On April 11, Music for Peace, under the auspices of Massachusetts Peace Action, presents “Vocal Chamber Music in Times of War and Peace,” a program curated by and featuring mezzo-soprano D’Anna Fortunato. At its center is the distilled eloquence of Korean-American composer and one-time Cambridge resident Earl Kim (1920-98) — his song cycle “Now and Then” (1982), which refracts, in characteristically understated fashion, a wartime cataclysm: the atomic bombing of the Japanese city of Nagasaki on Aug. 9, 1945.
A broken fuel pump and a hole in the clouds doomed Nagasaki. The B-29 “Bockscar” spent an hour fruitlessly circling the city of Kokura — the mission’s primary target — which was obscured by clouds and smoke. With fuel dwindling, the crew flew to Nagasaki, where the cloud cover opened long enough to drop a plutonium-based “Fat Man” weapon with a yield equivalent to some 21,000 tons of conventional explosives. At least 20,000 people were killed instantly; estimates of final casualties range as high as 80,000. Within a week, Japan surrendered.
At the time, Kim was an intelligence officer in the US Army Air Forces. On Aug. 10, he flew over the rubble of Nagasaki, surveying the scene. It was more than three decades before he responded to the experience, and the response was oblique, setting texts by Anton Chekhov, William Butler Yeats, and a writer with whom Kim felt special affinity, Samuel Beckett.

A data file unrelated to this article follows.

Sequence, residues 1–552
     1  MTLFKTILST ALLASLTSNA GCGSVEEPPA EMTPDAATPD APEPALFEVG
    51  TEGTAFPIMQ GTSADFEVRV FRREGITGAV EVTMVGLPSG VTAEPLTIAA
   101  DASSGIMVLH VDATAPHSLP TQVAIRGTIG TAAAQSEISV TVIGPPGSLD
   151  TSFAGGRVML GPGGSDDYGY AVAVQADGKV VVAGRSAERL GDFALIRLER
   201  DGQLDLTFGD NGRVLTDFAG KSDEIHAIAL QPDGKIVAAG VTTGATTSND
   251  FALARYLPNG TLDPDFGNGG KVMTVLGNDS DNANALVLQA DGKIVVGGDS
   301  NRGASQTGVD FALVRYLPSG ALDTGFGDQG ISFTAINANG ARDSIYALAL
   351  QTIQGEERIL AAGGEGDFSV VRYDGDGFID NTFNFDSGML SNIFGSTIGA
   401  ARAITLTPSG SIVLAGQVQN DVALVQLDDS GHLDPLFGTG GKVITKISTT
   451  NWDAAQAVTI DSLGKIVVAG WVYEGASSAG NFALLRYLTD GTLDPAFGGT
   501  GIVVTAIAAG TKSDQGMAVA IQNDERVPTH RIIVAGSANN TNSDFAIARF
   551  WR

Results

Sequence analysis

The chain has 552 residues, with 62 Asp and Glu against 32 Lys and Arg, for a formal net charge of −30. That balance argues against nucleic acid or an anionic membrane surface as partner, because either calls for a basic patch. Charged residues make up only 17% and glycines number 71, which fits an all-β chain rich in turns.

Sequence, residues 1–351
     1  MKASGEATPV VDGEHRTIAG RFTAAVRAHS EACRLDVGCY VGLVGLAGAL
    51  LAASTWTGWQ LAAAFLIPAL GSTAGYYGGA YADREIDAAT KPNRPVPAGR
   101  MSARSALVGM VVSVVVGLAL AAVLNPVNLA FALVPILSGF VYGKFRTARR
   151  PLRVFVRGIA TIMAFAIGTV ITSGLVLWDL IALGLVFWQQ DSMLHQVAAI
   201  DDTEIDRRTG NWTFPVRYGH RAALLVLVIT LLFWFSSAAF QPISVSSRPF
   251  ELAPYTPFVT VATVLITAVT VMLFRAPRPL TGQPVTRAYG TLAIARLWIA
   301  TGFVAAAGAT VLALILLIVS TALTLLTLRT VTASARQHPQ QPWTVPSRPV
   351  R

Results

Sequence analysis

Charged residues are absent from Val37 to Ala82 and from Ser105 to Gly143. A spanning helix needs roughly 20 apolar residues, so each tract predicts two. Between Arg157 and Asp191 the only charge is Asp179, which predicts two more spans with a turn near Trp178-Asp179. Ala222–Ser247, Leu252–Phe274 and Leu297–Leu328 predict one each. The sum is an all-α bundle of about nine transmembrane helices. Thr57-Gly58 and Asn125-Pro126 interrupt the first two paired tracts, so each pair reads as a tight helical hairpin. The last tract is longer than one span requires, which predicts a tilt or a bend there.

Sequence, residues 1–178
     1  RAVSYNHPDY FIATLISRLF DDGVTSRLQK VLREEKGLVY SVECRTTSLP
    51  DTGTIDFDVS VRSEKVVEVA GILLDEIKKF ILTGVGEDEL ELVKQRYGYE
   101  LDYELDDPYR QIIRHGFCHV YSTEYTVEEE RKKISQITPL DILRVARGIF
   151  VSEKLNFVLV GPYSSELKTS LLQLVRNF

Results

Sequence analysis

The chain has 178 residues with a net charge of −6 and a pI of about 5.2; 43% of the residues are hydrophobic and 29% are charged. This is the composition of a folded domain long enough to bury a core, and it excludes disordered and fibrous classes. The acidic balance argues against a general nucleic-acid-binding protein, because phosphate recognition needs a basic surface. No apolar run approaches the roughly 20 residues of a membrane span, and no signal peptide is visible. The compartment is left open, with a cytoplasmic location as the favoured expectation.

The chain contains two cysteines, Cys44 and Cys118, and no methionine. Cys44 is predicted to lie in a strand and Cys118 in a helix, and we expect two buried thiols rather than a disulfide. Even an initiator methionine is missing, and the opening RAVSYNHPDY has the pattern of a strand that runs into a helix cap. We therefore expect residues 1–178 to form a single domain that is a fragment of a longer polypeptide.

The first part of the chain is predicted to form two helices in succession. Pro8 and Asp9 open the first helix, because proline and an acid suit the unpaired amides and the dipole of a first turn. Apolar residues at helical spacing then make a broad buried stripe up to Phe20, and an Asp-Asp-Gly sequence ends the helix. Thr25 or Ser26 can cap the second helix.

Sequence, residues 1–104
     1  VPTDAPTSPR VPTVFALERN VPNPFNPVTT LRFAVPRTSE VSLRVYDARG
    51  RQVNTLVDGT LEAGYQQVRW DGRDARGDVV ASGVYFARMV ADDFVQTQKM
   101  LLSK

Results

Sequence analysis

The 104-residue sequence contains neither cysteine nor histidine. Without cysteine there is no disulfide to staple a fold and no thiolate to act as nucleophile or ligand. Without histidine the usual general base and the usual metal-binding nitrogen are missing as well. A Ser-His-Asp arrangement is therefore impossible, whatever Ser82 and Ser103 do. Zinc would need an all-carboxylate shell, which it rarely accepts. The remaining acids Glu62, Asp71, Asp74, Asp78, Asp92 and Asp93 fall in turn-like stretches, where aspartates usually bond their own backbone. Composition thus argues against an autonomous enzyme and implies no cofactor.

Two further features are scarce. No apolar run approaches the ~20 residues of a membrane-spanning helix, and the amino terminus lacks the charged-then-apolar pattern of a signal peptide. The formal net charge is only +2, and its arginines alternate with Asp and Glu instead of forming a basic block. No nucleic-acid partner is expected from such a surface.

The music seems both gracefully and fiercely, precisely honed. “Although each of the songs was conceived in a day,” Kim noted, “the years that intervened between their completion and Nagasaki seemed to have been necessary before they could be set down.”
Around the same time he composed “Now and Then,” Kim cofounded Musicians Against Nuclear Arms, and served as the organization’s president for several years. MANA sponsored concerts raising money for disarmament efforts; “Now and Then” was performed as part of a 1982 concert that sold out Symphony Hall (and drew picketers from the Harvard Conservative Club).
MANA would go on to mount some particularly grand affairs: a star-studded 1983 gala at New York City’s Avery Fisher Hall, a legendary 1984 performance of Mahler’s Symphony No. 2 in Washington’s National Cathedral, conducted by Leonard Bernstein. “Now and Then,” by contrast, eschews grandness: it is exacting, pithy, crystalline. Kim was a composer who channeled emotion into focus and refinement; that memory of Nagasaki produced one of his most focused and refined works.Matthew Guerrieri can be reached at email@example.com.